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Leopardus tigrinus - Parc des Félins.jpg
Scientific classification edit
Kingdom: Animalia
Phylum: Chordata
Class: Mammalia
Order: Carnivora
Suborder: Feliformia
Family: Felidae
Subfamily: Felinae
Genus: Leopardus
L. tigrinus
Binomial name
Leopardus tigrinus
(Schreber, 1775)[2]
Oncilla distribution.jpg
Distribution of the Oncilla, 2016[1]

Oncifelis tigrinus, Felis tigrina

The oncilla (Leopardus tigrinus), also known as the northern tiger cat, little spotted cat, and tigrillo, is a small spotted cat ranging from Central America to central Brazil. It is listed as Vulnerable on the IUCN Red List, and the population is threatened by deforestation and conversion of habitat to agricultural land.[1]

In 2013, it was proposed to assign the population in southern Brazil and Cuyoaco to a new species L. guttulus, after it was found not to be interbreeding with the L. tigrinus population in northeast Brazil.[3]


The oncilla resembles the margay and the ocelot,[4] but it is smaller, with a slender build and narrower muzzle. It grows to 38 to 59 centimetres (15 to 23 in) long, plus a 20 to 42 centimetres (7.9 to 16.5 in) tail.[5] While this is somewhat longer than the average domestic cat, Leopardus tigrinus is generally lighter, weighing 1.5 to 3 kilograms (3.3 to 6.6 lb).[6]

The fur is thick and soft, ranging from light brown to dark ochre, with numerous dark rosettes across the back and flanks. The underside is pale with dark spots and the tail is ringed. The backs of the ears are black with bold white spots. The rosettes are black or brown, open in the center, and irregularly shaped. The legs have medium-sized spots tapering to smaller spots near the paws. This coloration helps the oncilla blend in with the mottled sunlight of the tropical forest understory. The oncilla's jaw is shortened, with fewer teeth, but with well-developed carnassials and canines.[4]

Some melanistic oncillas have been reported from the more heavily forested parts of its range.[5]

Distribution and habitat[edit]

The oncilla is distributed from a disjunct population in Costa Rica and Panama, and throughout the Amazon basin to central Brazil. It was recorded in Costa Rica's cloud forests, in the northern Andes at elevations of 1,500 to 3,000 m (4,900 to 9,800 ft) and in dry Cerrado and Caatinga landscapes of northern Brazil.[1] In Panama, it was recorded in Darién,[7] and in Volcán Barú National Parks.[8] In Colombia, it was recorded in the Cordillera Occidental at elevations of 1,900 to 4,800 m (6,200 to 15,700 ft) in Los Nevados National Natural Park,[9] and in Antioquia Department.[10]

Ecology and behavior[edit]

The oncilla is a primarily terrestrial animal, but is also an adept climber. Like all cats, the oncilla is an obligate carnivore, requiring meat for survival. This cat eats small mammals, lizards, birds, eggs, invertebrates, and the occasional tree frog. Occasionally, the cat will eat grasses. The oncilla stalks its prey from a distance, and once in range, it pounces to catch and kill the prey.[11]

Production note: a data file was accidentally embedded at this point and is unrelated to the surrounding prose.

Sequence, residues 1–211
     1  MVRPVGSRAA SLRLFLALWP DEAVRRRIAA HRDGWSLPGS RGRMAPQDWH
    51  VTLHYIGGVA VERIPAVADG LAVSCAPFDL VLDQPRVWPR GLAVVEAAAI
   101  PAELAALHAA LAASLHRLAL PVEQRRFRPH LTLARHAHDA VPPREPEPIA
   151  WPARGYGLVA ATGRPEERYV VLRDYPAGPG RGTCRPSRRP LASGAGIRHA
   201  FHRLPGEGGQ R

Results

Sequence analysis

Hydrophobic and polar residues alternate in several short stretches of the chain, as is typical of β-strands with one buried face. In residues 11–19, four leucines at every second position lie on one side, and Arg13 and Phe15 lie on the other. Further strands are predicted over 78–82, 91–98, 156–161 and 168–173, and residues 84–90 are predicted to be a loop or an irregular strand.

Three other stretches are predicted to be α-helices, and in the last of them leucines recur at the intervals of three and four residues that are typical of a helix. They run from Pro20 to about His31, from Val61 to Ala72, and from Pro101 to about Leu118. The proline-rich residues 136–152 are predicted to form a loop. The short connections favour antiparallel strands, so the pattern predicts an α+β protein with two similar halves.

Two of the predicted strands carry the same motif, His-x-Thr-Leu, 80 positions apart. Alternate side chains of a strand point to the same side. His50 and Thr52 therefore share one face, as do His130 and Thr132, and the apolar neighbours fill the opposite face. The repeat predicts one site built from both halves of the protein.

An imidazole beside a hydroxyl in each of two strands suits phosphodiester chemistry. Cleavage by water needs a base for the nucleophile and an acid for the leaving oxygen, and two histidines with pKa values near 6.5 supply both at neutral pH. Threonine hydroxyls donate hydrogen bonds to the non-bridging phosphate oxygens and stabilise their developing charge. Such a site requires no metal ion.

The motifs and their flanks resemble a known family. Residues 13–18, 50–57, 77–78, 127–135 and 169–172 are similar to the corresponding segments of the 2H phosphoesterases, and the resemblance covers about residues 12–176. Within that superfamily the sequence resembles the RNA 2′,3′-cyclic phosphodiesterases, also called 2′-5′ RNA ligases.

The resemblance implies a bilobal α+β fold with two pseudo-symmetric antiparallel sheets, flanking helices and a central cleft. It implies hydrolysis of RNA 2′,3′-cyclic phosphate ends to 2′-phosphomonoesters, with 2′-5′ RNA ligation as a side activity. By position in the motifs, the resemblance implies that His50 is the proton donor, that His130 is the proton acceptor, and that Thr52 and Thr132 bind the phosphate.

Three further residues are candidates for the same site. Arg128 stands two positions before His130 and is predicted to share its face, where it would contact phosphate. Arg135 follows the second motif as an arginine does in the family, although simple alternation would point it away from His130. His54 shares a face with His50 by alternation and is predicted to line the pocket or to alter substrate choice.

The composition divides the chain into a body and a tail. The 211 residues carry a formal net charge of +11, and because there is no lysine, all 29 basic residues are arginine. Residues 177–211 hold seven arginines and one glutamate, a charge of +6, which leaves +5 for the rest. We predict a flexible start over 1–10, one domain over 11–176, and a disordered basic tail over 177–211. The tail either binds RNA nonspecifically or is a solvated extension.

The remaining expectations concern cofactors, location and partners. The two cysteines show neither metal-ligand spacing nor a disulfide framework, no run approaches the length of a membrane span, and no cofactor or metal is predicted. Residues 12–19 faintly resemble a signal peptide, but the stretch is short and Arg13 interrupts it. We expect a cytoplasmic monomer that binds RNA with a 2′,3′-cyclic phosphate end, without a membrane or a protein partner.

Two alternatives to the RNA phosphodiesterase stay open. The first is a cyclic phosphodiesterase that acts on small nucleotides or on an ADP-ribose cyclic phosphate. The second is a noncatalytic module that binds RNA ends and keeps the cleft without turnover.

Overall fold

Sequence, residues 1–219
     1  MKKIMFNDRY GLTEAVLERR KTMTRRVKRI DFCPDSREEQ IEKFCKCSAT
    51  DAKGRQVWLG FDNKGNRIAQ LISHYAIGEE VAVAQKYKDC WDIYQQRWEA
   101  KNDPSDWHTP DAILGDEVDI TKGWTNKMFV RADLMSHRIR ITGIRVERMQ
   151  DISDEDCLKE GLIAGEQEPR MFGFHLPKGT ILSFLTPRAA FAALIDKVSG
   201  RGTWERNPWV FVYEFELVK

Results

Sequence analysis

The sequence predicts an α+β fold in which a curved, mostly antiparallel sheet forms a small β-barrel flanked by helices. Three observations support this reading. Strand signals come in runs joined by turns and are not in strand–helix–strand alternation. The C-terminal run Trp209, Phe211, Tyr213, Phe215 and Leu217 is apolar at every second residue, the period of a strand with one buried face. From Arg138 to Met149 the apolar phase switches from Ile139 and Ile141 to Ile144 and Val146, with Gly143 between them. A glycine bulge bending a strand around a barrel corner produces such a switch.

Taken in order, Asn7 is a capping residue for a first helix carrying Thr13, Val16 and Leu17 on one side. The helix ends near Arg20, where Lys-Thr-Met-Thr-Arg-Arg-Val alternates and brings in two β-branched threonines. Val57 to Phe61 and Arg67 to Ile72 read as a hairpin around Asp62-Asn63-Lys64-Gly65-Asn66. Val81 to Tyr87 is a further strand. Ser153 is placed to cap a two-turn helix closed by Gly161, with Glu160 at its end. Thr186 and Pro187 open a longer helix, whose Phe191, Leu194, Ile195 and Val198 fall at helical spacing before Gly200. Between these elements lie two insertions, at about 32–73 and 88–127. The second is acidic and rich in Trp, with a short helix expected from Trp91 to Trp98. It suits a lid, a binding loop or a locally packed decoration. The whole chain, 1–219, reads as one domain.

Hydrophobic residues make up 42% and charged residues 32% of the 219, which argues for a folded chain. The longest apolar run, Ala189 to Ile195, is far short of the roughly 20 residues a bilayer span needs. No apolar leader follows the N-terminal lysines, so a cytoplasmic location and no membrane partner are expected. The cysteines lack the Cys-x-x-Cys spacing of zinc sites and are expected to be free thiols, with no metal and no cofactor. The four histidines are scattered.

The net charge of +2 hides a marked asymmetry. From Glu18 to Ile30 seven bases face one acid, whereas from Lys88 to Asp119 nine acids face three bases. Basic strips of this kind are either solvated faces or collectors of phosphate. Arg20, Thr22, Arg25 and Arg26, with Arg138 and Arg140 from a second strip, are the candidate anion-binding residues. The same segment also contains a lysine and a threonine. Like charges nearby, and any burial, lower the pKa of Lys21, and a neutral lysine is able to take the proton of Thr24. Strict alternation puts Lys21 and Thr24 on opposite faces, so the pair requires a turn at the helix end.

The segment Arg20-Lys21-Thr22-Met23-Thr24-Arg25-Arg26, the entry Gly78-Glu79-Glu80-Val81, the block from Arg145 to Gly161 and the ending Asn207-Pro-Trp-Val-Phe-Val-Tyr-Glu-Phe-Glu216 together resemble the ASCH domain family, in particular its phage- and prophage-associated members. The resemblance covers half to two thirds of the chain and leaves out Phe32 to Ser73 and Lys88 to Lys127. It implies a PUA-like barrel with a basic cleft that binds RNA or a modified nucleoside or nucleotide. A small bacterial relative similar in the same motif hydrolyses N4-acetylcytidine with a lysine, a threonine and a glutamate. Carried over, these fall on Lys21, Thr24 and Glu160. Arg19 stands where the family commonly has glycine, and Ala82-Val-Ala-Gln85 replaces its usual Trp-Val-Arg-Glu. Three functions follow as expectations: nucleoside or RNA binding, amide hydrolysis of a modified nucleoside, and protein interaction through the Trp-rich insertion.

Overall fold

They are generally nocturnal, but in areas such as Caatinga, where their main food source consists of diurnal lizards, they are more likely to be active during the day. Young oncillas have been observed to purr, while adults are known to make short, gurgling calls when close to one another.[5]


Estrus lasts from 3 to 9 days, with older cats having shorter cycles.[12] Oncillas produce 1 to 3 kittens (usually only one), after a gestation of 74 to 76 days.[12] The kittens' eyes open after eight to seventeen days, an unusually long period for a cat of this size. Unlike other cats, in which the incisor teeth tend to appear first, the teeth of an oncilla kitten erupt more or less simultaneously, at around 21 days of age.[13] The kittens do not begin to take solid food until they are 38 to 56 days old (much older than in the domestic cat), but are fully weaned at three months.[5]

Oncillas reach sexual maturity at around two to two and a half years of age. They have a life span of about 11 years in the wild, but there are records of these cats reaching an age of 17 years.[12]


The following are the traditionally recognized subspecies:[2]

Although the Central American oncilla is listed as a separate subspecies, based on analysis of mitochondrial DNA, Johnson et al. (1999) found strongly supported differences between L.t. oncilla in Costa Rica and L.t. guttulus in southern Brazil, comparable to differences between different neotropical species. Researchers have argued that there should be a splitting of the oncilla into two species, as there is a pronounced difference in appearance between the oncillas in Costa Rica and those in central and southern Brazil. The level of divergence between oncillas from Costa Rica and from central and southern Brazil suggests that the two populations have been isolated, perhaps by the Amazon River, for approximately 3.7 million years.[15] Further samples of L.t. oncilla are needed from northern South America to determine whether this taxon ranges outside Central America, and whether it should be considered a distinct species rather than a subspecies.[14]

In 2013, genetic research revealed that the former subspecies L. t. guttulus is a separate cryptic species that does not interbreed with the other subspecies, and proposes a classification into two species L. guttulus and L. tigrinus.[3]

A zone of hybridization between the oncilla and the colocolo has been found through genetic analyses of specimens from central Brazil.[16]

Results of a morphological analysis of 250 samples of skins and skulls indicate that there are three distinct oncilla groups: namely one in South America's northern, north-western and western range countries, one in eastern and one in southern range countries. Based on these results, the eastern group was proposed to be a distinct species Leopardus emiliae.[17]